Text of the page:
Tuesday, January 21, 2014

FastMed Urgent Care reports increase in flu cases

FastMed Urgent Care, the largest urgent care organization in North Carolina, reports a dramatic uptick in patient volume associated with the flu and flu related illness. FastMed encourages residents to follow the Centers for Disease Control and Prevention’s (CDC) recommendation to get the flu vaccine, which is still available at all 38 FastMed locations throughout the state.

FastMed also recommends a rapid nasal swab flu test for those who suspect they have the flu. This noninvasive nasal swab can be done at any FastMed Urgent Care, takes 15 minutes to process and if positive allows FastMed health care providers to prescribe the correct and immediate treatment, speed recovery and reduce the spread of the flu outbreak.

North Carolina State health officials report the death toll from the seasonal flu outbreak has risen to 21 individuals, 19 of those being very young and middle aged adults who also had underlying medical conditions. There have been significant increases in flu activity nationwide, according to the January 10 report from the CDC, with 35 states including North Carolina reporting widespread flu activity. That’s up from 25 states the previous week.

“In the past few of weeks, we have begun to see a significant increase in the number of lab-confirmed influenza cases, mainly influenza A (H1N1) at FastMed clinics across our state, specifically the Raleigh-Durham area. Charlotte and the Piedmont Triad communities are also seeing a high number of diagnosed flu cases,” said Melvin G. Lee, M.D., Chief Medical Officer for FastMed Urgent Care in North Carolina. “The best action you can take is to get your flu shot. If you think you have the flu, come in for a rapid test and receive treatment if you are diagnosed.”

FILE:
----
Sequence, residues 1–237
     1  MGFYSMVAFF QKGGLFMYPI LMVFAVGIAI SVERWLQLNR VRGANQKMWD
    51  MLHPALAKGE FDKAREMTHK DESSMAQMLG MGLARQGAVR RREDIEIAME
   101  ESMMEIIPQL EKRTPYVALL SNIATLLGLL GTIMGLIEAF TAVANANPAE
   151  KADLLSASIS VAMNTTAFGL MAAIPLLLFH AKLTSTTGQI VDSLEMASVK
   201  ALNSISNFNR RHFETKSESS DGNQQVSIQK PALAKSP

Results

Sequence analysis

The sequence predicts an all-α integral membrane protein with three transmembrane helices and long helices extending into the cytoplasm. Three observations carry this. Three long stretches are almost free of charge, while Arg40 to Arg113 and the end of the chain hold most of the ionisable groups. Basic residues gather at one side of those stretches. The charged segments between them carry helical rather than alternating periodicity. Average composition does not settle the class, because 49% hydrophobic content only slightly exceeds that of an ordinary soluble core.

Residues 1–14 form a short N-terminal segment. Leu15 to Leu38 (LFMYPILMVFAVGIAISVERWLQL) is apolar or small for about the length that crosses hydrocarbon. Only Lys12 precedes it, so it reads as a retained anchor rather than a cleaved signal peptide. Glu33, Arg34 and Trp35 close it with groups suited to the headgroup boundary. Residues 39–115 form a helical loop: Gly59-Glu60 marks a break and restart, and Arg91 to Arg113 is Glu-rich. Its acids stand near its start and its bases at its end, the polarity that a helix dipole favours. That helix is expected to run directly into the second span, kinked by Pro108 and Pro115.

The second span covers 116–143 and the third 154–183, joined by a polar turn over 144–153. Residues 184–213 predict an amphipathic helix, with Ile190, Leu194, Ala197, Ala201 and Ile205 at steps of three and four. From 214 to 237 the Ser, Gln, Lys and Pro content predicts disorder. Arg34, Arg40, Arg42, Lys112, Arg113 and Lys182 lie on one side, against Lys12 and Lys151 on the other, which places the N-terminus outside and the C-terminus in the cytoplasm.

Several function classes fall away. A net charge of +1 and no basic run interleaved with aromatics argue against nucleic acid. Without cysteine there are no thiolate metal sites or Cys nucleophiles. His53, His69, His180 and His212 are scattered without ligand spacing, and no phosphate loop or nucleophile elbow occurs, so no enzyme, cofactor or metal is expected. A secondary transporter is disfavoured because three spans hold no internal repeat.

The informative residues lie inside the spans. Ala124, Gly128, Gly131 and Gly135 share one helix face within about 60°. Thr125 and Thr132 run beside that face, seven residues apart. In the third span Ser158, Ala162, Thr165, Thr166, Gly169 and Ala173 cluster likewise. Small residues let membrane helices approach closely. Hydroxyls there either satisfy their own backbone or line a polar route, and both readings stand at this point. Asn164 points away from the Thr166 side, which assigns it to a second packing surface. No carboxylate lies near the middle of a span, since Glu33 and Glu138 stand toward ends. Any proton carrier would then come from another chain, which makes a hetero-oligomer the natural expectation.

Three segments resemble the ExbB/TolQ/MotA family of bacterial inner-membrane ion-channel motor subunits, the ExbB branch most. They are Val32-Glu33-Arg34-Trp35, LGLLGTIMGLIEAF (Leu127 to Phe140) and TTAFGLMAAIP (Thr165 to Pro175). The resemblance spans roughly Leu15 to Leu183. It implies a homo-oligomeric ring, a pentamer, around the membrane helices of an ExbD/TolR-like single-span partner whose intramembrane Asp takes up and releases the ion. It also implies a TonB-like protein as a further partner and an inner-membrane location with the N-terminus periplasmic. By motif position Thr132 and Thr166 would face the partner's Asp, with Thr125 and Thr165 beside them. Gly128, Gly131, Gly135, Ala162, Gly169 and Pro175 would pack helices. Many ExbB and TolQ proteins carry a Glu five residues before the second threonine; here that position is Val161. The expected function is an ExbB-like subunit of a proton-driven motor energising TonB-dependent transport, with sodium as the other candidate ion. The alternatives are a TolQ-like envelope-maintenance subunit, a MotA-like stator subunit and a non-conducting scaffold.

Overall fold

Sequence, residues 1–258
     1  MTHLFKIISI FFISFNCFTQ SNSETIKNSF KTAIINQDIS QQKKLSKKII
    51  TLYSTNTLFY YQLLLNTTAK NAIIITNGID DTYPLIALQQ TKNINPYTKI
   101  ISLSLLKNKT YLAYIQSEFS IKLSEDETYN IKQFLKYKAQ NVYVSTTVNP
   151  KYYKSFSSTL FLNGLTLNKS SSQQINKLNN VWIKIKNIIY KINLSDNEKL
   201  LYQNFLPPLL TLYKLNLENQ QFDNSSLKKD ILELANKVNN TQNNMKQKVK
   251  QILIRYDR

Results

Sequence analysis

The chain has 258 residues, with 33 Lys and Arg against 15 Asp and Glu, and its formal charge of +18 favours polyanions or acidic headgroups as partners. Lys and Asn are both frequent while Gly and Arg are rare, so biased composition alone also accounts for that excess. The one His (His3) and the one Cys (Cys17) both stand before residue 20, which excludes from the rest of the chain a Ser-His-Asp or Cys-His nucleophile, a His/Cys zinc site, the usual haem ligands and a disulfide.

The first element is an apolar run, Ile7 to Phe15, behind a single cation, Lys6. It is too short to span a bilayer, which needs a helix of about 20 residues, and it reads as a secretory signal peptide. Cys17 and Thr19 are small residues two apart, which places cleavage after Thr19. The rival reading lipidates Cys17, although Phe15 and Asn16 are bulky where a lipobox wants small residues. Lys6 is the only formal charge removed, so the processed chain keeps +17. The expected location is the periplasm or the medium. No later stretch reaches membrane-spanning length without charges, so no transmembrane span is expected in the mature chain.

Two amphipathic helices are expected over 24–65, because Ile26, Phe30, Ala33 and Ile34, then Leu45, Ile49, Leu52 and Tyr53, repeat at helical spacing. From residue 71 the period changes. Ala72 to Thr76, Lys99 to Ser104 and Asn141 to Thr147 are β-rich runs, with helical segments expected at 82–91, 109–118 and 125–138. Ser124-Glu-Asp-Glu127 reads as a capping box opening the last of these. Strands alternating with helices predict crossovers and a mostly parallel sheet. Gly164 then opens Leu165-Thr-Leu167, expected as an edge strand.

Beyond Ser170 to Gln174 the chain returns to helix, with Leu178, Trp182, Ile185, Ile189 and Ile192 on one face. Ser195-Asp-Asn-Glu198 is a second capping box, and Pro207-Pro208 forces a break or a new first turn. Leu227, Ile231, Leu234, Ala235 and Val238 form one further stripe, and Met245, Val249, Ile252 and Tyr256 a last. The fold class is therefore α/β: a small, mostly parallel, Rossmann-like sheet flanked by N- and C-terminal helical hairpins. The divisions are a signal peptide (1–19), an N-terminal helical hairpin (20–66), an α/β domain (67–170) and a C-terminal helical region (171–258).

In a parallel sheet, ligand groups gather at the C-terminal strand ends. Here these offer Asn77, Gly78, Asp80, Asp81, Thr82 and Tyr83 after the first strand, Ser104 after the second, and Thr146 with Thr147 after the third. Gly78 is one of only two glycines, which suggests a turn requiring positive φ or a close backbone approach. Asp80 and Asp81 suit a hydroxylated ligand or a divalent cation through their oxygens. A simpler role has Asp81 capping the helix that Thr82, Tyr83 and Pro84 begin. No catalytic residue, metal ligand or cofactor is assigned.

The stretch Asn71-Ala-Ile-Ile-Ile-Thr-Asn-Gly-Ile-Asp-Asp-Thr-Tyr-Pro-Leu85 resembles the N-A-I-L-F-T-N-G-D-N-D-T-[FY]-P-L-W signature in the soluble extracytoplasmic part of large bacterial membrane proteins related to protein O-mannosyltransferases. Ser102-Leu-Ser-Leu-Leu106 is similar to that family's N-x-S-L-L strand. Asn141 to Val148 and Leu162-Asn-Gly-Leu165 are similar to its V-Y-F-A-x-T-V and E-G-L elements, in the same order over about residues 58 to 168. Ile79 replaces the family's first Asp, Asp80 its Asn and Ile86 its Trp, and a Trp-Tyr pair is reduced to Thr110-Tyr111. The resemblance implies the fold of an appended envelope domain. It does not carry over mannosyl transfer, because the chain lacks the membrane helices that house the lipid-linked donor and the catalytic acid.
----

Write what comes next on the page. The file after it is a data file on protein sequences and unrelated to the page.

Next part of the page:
The flu is highly contagious and the best action everyone can and should take is to have each family member receive their vaccination. If you think you have the flu, early detection and antiviral treatment can shorten the duration of symptoms, shorten the duration of potential hospitalization, and reduce the risk of complications and deaths from the flu.
H1N1, the main circulating strain, is the type responsible for the global flu pandemic of 2009-2010. Flu season typically peaks during January and February but can last as late as May.

There are a number of strategies to help stop the spread of the flu virus and help speed recovery. Visit www.fastmed.com/flu for more information or to find your nearest FastMed Urgent Care location.

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